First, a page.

Luck? yes- but I think back to my coworkers at my first company who were always complaining about never getting promoted. Guess what? they are still there. They haven't looked to get dealt a new hand, they just stick with what they have. They don't look to add new skills and increase their luck. You have to think like an architect of your own reality- not a victim of it.

 

I recently read the book Quit by Annie Duke and would like to ask you a bit about your perspective on "being dealt a new hand." I'm someone who in general is super reluctant to do this and is almost always willing to stick it out. I almost think of it as "For all I know, the job I have now could be my last one." and that type of thinking has powered me through challenging situations as a student, club leader, researcher, and now employee. Most of the time (but sometimes with unideal results), pushing through "worked out" but I've always wondered about knowing when it's the right time to pick up and leave.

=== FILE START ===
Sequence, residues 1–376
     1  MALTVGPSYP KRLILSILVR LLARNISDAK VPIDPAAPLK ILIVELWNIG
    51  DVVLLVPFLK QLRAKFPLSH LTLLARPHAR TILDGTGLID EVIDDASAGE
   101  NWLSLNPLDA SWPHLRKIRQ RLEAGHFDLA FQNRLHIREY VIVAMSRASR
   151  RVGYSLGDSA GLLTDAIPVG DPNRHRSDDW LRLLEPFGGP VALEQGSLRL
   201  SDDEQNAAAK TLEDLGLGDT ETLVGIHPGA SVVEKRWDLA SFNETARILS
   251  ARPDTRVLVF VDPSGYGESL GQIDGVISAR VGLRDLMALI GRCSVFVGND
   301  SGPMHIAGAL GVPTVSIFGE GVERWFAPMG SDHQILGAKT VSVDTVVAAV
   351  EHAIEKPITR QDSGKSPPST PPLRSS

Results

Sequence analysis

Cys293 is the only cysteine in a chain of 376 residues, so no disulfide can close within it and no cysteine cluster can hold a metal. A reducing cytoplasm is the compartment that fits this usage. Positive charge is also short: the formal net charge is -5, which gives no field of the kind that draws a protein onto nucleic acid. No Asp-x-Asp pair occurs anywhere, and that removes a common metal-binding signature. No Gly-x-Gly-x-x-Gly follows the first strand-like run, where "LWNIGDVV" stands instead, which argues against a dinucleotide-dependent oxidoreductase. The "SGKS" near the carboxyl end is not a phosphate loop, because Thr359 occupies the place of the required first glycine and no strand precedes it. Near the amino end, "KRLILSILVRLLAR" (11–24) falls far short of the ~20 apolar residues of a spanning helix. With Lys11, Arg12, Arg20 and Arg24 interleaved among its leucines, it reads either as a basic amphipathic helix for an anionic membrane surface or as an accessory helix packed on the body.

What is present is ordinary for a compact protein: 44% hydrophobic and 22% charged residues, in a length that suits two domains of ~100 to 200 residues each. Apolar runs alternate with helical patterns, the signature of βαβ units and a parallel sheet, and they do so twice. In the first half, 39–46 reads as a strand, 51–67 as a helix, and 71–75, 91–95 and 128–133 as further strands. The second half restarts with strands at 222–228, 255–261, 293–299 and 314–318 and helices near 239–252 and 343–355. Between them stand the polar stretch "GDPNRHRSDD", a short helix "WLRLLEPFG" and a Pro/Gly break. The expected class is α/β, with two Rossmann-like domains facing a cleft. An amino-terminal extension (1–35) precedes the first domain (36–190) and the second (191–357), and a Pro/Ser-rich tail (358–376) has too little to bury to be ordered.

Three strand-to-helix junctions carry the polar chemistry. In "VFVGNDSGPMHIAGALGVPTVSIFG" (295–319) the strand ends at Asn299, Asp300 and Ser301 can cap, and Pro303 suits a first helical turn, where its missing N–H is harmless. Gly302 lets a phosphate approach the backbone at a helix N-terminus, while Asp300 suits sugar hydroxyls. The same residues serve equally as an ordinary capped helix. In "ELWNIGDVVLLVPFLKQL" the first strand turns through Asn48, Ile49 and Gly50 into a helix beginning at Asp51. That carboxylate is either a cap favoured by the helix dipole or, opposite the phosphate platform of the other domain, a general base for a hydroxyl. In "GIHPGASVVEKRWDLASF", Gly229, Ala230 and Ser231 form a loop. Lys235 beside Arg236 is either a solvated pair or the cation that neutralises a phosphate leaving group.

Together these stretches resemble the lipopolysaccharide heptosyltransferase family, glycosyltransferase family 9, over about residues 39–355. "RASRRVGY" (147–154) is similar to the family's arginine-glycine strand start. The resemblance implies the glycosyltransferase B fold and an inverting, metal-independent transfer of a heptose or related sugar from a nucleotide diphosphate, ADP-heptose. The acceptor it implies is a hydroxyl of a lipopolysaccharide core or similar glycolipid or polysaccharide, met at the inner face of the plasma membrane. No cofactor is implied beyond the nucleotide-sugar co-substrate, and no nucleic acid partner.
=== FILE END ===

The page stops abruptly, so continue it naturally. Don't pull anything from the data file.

For additional reference, I'm not currently able (mostly due to things in personal life) to move from my non-so-finance-focused T2 city, so even through work challenges my first year on the job, I stayed and was able to continue working at the company I'm at now. 

As you say, one never wishes to become the victim of their own reality, one wishes instead to shape it. And building your own reality often means moving on. 

What were the signs for you to move on? When did it hit you that being dealt a new hand was smart?

 

Great question. I definitely want to make the distinction between leaving challenging situations and leaving for a new hand. Often times the challenging situations give you great stories for interviews, and give you bulletpoints to put on your resume. A difficult boss is sometimes noticed by others in the company who start to move people around to put that person somewhere they do less harm- I've seen it a few times.

Getting delt a new hand is more about looking at where your current experience will lead. It's knowing when to fold and wait for the next hand. To elaborate more on my examples in my comment above- At my first company I was in an FLDP that was a great resume builder. Some rotations were extremely dry, but in general I knew it would lead to an SFA promo and would give my resume a bit of luster as part of an exclusive program. But I wanted to stick to the path of hitting manager at 5-7 years. I looked around and saw not one single 27 year old finance manager. I saw one 29 year old finance manager in the whole 50k+ person company. The odds didn't look good.